12 Replies to “How to Organize a Community Swap Meet and Why”

  1. Anne-Marie – What an outstanding and inspiring post! Your blog and instagram are among my favorites. You consistently provide such great, well-researched information. Truly appreciate your efforts. Whenever I feel like my efforts are pointless, I head over to your posts for a shot in the arm. 🙂

    1. The Zero-Waste Chef says: Reply

      Thank you so much, Rita. I will remember your kind words when I feel that way about my blogging! It will help keep me going 🙂 ~ Anne Marie

  2. You got some gems! Some of my favorite clothes are from clothing swaps with a group of friends, hmm, I think we are due for another one!

    1. The Zero-Waste Chef says: Reply

      Thanks Fadya. I’m really pleased with my haul. Another bonus about your clothes from swaps is they have a story 🙂 ~ Anne Marie

  3. What a great idea, my partner is always looking for events his students can run – thanks for the to do list too….

    1. The Zero-Waste Chef says: Reply

      My pleasure! This would be a fun event for students. That’s a great idea!

  4. Awesome post, Anne-Marie. I’ll definitely come back to your article when I plan a community swap. Something you wrote concerned me a little – Plan your swap now before these types of exchanges are outlawed. Why do you think that will happen?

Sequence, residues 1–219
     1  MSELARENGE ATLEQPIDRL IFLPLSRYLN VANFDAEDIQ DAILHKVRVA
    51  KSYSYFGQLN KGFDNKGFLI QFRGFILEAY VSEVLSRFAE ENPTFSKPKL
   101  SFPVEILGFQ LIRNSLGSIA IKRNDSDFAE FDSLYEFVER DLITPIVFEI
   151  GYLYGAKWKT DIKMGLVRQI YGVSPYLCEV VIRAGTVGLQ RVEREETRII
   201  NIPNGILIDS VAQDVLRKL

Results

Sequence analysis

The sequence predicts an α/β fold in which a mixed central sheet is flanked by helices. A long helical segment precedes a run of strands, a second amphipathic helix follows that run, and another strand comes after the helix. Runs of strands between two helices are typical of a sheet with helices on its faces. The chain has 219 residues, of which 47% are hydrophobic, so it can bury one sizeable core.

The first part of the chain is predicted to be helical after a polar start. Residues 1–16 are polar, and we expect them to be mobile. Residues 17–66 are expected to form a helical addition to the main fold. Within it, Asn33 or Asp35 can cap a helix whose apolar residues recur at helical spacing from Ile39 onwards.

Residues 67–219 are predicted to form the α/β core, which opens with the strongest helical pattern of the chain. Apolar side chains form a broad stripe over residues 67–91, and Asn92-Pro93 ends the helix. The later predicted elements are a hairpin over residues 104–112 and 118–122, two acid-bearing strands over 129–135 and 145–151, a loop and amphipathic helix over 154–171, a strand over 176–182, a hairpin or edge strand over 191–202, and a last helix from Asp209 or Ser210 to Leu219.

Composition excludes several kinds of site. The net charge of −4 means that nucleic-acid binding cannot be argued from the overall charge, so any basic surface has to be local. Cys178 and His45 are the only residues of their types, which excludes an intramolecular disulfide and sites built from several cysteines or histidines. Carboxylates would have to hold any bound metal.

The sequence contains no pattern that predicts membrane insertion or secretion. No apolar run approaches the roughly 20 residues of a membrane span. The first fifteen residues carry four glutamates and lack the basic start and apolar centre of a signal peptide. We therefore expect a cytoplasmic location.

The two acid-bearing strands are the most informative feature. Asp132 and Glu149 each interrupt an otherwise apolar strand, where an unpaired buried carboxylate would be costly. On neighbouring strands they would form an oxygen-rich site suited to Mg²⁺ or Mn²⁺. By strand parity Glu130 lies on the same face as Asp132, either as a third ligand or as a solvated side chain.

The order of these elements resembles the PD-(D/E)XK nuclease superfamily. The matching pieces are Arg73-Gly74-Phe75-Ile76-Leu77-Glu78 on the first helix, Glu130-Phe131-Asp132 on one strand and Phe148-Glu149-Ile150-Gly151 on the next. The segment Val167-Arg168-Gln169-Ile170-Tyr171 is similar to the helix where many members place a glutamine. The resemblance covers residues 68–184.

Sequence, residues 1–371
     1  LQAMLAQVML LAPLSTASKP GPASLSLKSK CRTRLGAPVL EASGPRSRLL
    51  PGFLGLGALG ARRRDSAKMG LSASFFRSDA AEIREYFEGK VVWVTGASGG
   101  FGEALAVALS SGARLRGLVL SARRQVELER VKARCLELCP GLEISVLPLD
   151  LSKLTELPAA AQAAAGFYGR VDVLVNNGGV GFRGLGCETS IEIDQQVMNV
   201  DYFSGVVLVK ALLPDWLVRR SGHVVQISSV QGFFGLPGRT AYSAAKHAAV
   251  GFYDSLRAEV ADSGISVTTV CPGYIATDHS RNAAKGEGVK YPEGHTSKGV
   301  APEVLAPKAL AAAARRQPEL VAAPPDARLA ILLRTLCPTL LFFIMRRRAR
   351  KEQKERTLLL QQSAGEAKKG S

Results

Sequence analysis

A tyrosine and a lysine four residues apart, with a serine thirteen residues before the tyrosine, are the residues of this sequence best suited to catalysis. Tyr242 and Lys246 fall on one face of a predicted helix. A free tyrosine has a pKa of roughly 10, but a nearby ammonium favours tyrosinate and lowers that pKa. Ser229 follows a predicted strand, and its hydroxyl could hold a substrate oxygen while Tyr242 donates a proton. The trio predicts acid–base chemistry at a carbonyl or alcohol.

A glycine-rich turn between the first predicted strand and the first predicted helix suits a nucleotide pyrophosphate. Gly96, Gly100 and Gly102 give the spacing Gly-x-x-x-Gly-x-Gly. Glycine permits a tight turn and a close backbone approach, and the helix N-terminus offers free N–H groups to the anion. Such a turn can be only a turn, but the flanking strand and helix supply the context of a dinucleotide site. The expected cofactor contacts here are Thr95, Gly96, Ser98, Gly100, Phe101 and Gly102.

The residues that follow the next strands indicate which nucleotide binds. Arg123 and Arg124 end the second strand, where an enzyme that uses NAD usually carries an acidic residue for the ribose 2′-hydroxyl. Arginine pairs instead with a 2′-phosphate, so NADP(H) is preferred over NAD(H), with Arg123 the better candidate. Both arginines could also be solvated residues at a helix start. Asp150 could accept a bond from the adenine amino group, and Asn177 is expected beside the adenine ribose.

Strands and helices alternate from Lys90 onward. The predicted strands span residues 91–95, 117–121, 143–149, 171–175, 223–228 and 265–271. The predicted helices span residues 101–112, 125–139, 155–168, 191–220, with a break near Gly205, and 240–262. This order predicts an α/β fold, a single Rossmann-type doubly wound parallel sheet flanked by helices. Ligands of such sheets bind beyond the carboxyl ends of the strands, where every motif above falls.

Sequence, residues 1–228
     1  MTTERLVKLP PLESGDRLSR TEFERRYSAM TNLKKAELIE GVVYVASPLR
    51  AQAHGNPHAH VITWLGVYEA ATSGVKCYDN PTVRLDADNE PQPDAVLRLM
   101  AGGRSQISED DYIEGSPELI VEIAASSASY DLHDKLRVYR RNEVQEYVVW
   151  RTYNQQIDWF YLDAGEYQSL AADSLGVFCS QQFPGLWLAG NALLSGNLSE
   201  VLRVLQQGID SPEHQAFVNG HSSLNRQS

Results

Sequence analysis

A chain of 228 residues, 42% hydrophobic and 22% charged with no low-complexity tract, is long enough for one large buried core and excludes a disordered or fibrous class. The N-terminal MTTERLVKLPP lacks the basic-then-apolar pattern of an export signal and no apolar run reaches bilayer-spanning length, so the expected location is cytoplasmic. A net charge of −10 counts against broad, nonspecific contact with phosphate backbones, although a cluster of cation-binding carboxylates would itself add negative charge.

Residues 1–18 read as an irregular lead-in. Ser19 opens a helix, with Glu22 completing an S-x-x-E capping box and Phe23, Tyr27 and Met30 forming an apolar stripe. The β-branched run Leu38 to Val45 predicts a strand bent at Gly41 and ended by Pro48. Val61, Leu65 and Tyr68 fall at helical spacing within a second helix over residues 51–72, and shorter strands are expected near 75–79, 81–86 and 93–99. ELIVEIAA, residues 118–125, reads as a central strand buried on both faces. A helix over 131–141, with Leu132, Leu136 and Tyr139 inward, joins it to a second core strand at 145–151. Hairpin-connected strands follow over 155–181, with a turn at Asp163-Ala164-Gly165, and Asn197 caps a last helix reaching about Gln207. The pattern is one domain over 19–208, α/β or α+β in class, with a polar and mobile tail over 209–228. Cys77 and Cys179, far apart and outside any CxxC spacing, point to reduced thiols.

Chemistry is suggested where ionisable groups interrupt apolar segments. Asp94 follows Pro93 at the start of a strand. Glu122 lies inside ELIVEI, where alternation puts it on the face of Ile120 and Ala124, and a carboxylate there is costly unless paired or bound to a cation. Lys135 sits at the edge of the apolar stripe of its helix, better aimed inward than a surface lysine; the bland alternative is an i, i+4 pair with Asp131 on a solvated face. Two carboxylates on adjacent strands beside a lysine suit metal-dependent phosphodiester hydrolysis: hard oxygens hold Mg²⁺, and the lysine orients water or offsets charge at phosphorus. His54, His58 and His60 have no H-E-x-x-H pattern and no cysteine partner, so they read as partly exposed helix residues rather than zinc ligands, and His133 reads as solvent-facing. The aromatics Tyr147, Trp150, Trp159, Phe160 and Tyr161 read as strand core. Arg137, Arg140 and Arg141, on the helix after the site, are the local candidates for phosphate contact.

1. The Zero-Waste Chef says: Reply

      Thanks Anuja. That was meant to be tongue in cheek. Since the government doesn’t collect tax when people exchange goods this way, in a dystopian world, a harmless little swap like this would be banned :p ~ Anne Marie

  5. […] Offer swapping events. Rather than exchanging money and participating in the mainstream economy, host a swapping events for goods (and even services!) to make items more accessible to everyone and your community more connected! See Zero Waste Chef’s post on a recent swapping event for real life inspiration. […]

  6. […] How to budget your money when it comes to clothes? Quality over quantity. Buying cheap clothes just because they’re on sale isn’t being “thrifty.” They are bargains for a reason. These are often cheaply made and will not last. For growing children, however, this might be a budget-friendly alternative. Another option is to invite friends and family to a clothing trade. The same applies for neighborhood swap meets. Aside from clothing, everyone can bring gently used or new items they have no use for. Organizing a swap meet is actually quite simple and can benefit everyone involved. Here’s a great article about swap meets from Zero-Waste Chef. […]

  7. I’m trying to start one in Seattle. Great tips!

    1. I’m glad you like the tips. I hope you have a wonderful swap!

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